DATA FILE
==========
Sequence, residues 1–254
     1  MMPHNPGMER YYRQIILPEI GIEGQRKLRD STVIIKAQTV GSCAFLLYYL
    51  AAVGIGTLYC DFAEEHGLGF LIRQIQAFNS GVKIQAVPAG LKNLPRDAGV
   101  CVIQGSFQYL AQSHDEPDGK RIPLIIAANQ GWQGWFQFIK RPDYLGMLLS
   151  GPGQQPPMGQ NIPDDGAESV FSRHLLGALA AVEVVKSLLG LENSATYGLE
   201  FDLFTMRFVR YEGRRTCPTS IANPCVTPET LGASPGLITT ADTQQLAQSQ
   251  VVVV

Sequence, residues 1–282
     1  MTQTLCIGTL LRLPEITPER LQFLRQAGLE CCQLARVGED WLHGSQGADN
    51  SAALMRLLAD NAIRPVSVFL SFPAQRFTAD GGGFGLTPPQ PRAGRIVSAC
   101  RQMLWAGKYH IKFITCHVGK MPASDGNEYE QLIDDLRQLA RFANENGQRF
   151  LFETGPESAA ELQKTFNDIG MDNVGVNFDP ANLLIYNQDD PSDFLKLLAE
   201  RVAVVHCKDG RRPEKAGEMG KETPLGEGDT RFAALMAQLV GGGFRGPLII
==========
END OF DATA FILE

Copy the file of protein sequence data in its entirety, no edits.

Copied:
Sequence, residues 1–254
     1  MMPHNPGMER YYRQIILPEI GIEGQRKLRD STVIIKAQTV GSCAFLLYYL
    51  AAVGIGTLYC DFAEEHGLGF LIRQIQAFNS GVKIQAVPAG LKNLPRDAGV
   101  CVIQGSFQYL AQSHDEPDGK RIPLIIAANQ GWQGWFQFIK RPDYLGMLLS
   151  GPGQQPPMGQ NIPDDGAESV FSRHLLGALA AVEVVKSLLG LENSATYGLE
   201  FDLFTMRFVR YEGRRTCPTS IANPCVTPET LGASPGLITT ADTQQLAQSQ
   251  VVVV

Sequence, residues 1–282
     1  MTQTLCIGTL LRLPEITPER LQFLRQAGLE CCQLARVGED WLHGSQGADN
    51  SAALMRLLAD NAIRPVSVFL SFPAQRFTAD GGGFGLTPPQ PRAGRIVSAC
   101  RQMLWAGKYH IKFITCHVGK MPASDGNEYE QLIDDLRQLA RFANENGQRF
   151  LFETGPESAA ELQKTFNDIG MDNVGVNFDP ANLLIYNQDD PSDFLKLLAE
   201  RVAVVHCKDG RRPEKAGEMG KETPLGEGDT RFAALMAQLV GGGFRGPLII